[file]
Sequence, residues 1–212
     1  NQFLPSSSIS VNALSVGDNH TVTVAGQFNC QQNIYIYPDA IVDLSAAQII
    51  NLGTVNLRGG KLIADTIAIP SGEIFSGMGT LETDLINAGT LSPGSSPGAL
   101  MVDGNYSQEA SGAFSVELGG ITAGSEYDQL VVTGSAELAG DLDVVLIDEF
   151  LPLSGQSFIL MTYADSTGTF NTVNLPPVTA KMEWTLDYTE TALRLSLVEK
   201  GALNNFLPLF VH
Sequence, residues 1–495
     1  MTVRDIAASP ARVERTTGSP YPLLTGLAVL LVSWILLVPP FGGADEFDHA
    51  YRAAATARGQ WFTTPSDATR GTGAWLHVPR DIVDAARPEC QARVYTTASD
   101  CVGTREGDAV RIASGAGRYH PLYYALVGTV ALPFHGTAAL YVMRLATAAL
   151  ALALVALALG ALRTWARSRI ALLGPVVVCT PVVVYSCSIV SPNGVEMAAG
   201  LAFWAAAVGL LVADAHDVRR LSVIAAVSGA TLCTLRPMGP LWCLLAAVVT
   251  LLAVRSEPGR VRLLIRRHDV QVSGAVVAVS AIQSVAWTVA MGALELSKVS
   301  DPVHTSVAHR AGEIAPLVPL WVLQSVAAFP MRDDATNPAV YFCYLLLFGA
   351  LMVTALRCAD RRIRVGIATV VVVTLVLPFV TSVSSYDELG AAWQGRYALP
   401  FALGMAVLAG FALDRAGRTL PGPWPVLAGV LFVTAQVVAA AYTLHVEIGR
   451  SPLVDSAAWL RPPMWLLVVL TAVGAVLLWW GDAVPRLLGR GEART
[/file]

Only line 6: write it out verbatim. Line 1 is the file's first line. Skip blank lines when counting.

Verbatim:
   201  GALNNFLPLF VH